How Is a Bill Passed Over a President's Veto?

In order to overturn a presidential veto, Congress must approve the returned bill by a two-thirds majority in both Houses. Once the bill receives this approval, it becomes a law. A bill that does not receive the required majority in both Houses does not become a law unless Congress presents it again to the President and he signs it into law.

While the U.S. Constitution does not include the word "veto," Article I, Section 7 states, "Every Bill which shall have passed the House of Representatives and the Senate, shall, before it becomes a Law, be presented to the President of the United States." This is the president's opportunity to veto the law. He has 10 days, excluding Sundays, to return the bill to its originating House of Congress, along with a statement of his objections. If the originating branch passes the bill by the required majority, it, along with the president's objections, go to the other House for consideration.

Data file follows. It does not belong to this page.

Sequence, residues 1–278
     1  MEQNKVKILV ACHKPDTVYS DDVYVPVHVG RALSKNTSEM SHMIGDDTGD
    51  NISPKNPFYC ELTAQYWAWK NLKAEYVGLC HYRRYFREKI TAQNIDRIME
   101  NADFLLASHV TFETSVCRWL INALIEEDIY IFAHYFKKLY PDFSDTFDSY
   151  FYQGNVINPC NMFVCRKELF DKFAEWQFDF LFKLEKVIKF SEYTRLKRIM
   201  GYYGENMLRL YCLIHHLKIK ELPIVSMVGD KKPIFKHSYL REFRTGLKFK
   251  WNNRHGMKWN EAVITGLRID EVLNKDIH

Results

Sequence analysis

If Congress adjourns before the 10 day approval period is complete, eliminating the president's ability to return the signed bill, it does not become a law. This is called a "pocket veto," and the bill does not return to Congress after they reconvene.

According to, Congress rarely overrides a presidential veto. Between the years of 1789 and 2004, the record shows 1484 regular presidential vetoes with Congress overriding 106.